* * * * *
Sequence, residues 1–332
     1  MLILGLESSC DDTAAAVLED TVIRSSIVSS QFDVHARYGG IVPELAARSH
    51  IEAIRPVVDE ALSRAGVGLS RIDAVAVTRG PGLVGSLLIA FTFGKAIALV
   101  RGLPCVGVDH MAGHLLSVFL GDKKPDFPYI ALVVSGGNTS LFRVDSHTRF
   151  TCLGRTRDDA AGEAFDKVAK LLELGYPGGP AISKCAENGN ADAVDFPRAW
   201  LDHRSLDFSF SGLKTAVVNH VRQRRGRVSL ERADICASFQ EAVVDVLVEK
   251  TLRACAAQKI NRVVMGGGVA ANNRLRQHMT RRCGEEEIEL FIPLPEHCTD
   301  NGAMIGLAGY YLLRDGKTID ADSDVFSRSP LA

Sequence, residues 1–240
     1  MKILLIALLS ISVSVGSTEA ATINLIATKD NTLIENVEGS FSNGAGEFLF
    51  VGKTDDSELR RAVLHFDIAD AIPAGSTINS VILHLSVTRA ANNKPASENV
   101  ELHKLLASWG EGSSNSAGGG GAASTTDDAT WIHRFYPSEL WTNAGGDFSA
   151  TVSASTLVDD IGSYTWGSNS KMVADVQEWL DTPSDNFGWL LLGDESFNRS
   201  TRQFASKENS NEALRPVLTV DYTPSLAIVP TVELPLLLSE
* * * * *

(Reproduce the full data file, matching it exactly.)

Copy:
Sequence, residues 1–332
     1  MLILGLESSC DDTAAAVLED TVIRSSIVSS QFDVHARYGG IVPELAARSH
    51  IEAIRPVVDE ALSRAGVGLS RIDAVAVTRG PGLVGSLLIA FTFGKAIALV
   101  RGLPCVGVDH MAGHLLSVFL GDKKPDFPYI ALVVSGGNTS LFRVDSHTRF
   151  TCLGRTRDDA AGEAFDKVAK LLELGYPGGP AISKCAENGN ADAVDFPRAW
   201  LDHRSLDFSF SGLKTAVVNH VRQRRGRVSL ERADICASFQ EAVVDVLVEK
   251  TLRACAAQKI NRVVMGGGVA ANNRLRQHMT RRCGEEEIEL FIPLPEHCTD
   301  NGAMIGLAGY YLLRDGKTID ADSDVFSRSP LA

Sequence, residues 1–240
     1  MKILLIALLS ISVSVGSTEA ATINLIATKD NTLIENVEGS FSNGAGEFLF
    51  VGKTDDSELR RAVLHFDIAD AIPAGSTINS VILHLSVTRA ANNKPASENV
   101  ELHKLLASWG EGSSNSAGGG GAASTTDDAT WIHRFYPSEL WTNAGGDFSA
   151  TVSASTLVDD IGSYTWGSNS KMVADVQEWL DTPSDNFGWL LLGDESFNRS
   201  TRQFASKENS NEALRPVLTV DYTPSLAIVP TVELPLLLSE